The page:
It is not uncommon these days to see aesthetics take a role in tool design, but in earlier times, the onus was more on the utility of a tool, rather than its looks. There are exceptions of course. One of the most interesting time periods was likely the “atomic” age of the 1950s. This was the culmination of the age of streamlining, which began in the 1930s. A good example of this in design are the streamlined trains of this period, such as the Zephyr.
Probably the most recognizable streamlined tools were those designed by Garth Huxtable, of Millers Falls fame – and the most famous was the Millers Falls “Buck Rogers” planes. It is unfortunate that many of Huxtable’s designs never made it to the prototype stage. His block plane study of 1948 clearly illustrates the ergonomic lines of the planes.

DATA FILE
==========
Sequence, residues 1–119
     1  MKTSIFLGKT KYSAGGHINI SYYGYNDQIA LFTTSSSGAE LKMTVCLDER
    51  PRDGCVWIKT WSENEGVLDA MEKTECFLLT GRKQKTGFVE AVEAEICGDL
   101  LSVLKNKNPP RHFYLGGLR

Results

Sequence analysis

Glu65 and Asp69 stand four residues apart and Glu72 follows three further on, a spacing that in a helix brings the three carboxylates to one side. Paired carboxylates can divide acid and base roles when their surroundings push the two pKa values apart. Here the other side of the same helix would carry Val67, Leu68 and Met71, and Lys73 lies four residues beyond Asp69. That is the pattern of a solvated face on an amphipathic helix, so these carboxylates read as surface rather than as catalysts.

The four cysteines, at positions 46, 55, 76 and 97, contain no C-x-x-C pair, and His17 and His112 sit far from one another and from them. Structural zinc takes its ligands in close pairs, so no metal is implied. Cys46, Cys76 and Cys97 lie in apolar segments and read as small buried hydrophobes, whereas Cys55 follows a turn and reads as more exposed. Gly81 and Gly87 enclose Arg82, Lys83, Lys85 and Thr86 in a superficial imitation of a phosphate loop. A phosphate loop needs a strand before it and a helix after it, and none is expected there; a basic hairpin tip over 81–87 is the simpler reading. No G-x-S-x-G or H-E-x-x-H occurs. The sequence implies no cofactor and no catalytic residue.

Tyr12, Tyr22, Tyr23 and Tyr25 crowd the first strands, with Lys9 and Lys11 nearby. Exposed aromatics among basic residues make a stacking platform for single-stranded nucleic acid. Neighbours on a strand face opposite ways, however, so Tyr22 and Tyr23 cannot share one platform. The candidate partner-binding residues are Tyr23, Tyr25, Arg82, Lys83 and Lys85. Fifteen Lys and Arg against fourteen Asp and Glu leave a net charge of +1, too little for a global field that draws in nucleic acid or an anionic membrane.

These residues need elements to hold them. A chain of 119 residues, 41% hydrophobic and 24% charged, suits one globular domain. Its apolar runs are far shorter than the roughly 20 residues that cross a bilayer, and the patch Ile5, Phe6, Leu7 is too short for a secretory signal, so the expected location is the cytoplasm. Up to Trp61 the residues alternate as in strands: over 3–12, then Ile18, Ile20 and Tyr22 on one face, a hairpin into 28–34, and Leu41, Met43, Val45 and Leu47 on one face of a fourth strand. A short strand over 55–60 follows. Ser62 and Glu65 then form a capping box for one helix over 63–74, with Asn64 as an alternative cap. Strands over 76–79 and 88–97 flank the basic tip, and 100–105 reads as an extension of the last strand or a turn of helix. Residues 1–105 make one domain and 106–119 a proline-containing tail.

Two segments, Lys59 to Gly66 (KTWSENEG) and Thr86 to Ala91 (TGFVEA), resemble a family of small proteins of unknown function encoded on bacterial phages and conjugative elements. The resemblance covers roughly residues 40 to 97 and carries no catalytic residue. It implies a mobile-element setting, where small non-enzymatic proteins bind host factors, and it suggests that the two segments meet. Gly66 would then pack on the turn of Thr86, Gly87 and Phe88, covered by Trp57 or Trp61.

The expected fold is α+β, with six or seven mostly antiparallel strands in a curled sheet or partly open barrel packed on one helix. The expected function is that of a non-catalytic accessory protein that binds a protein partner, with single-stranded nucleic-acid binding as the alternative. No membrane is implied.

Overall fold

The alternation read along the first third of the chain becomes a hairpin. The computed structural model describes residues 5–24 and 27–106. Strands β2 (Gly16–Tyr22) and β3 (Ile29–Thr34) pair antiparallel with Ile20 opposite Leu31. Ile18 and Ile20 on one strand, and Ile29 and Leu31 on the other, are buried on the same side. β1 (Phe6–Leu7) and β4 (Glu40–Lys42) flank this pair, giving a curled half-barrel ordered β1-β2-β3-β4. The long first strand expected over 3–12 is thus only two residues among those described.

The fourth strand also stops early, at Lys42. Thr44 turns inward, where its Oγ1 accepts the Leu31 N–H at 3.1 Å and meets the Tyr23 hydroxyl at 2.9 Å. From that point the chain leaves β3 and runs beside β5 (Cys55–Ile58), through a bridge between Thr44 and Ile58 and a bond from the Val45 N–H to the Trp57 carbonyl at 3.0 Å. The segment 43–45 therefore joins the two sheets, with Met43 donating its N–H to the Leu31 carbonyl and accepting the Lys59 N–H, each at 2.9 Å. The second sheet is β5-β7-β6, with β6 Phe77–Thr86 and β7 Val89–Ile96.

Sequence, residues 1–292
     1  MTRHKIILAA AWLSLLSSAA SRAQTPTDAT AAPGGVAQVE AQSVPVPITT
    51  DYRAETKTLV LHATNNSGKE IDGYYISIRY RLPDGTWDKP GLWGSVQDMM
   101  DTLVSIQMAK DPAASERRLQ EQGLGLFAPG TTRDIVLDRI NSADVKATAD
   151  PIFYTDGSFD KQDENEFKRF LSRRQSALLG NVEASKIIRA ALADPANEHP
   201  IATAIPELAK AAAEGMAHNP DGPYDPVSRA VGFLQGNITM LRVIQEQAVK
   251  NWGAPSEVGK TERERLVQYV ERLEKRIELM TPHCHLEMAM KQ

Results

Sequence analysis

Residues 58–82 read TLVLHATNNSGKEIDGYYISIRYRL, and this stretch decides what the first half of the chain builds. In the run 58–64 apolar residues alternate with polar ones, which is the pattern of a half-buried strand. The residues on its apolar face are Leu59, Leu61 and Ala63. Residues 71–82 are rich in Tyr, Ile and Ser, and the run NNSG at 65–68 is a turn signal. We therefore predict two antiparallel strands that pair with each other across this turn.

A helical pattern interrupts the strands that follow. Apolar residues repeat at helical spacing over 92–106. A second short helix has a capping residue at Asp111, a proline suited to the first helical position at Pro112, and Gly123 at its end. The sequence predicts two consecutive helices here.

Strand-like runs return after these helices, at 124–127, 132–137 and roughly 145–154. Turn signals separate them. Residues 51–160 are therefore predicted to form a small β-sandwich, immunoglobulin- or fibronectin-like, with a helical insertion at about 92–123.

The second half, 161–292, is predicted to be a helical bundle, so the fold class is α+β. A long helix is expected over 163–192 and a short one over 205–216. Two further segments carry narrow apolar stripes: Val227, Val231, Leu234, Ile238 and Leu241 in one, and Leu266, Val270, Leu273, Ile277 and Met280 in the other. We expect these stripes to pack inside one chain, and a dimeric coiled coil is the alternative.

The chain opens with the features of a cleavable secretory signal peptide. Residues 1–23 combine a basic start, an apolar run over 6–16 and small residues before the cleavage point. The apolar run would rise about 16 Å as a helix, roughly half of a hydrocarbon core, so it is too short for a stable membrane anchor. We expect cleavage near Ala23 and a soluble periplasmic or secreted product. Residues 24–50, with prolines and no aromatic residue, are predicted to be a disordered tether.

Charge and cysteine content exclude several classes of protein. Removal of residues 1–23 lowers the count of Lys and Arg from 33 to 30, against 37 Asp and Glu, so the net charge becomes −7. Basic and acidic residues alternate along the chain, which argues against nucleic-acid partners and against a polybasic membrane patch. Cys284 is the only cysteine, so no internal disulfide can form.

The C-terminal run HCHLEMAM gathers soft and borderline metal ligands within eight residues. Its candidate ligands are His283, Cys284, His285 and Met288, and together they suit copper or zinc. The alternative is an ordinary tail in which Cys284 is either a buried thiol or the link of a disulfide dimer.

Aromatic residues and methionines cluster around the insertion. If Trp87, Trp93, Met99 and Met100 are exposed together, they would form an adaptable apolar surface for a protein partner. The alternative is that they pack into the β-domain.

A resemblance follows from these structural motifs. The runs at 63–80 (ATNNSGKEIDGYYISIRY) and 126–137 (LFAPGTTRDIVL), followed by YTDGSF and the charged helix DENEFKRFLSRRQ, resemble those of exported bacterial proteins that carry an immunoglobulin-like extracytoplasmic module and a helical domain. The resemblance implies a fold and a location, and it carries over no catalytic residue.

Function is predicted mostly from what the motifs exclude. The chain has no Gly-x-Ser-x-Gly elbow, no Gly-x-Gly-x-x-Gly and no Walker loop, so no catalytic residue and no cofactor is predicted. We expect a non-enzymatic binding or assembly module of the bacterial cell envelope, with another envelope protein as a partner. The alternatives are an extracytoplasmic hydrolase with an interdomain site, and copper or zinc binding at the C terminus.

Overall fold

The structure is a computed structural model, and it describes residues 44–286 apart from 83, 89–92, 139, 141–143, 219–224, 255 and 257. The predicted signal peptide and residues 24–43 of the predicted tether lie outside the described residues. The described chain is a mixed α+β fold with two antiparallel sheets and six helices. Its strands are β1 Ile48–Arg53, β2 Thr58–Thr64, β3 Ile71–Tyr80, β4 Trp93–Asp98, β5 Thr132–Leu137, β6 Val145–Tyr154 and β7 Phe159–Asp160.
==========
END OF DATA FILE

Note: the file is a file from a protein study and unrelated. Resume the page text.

It is a shame that none of these designs ever made their way to production. Likely the demise of interesting designs like these coincided with the overall decline in the production of hand tools in the late 1950s. Some elements of these designs have however been reimagined by contemporary plane makers such as Veritas.
Now if they just made them in fire-engine red!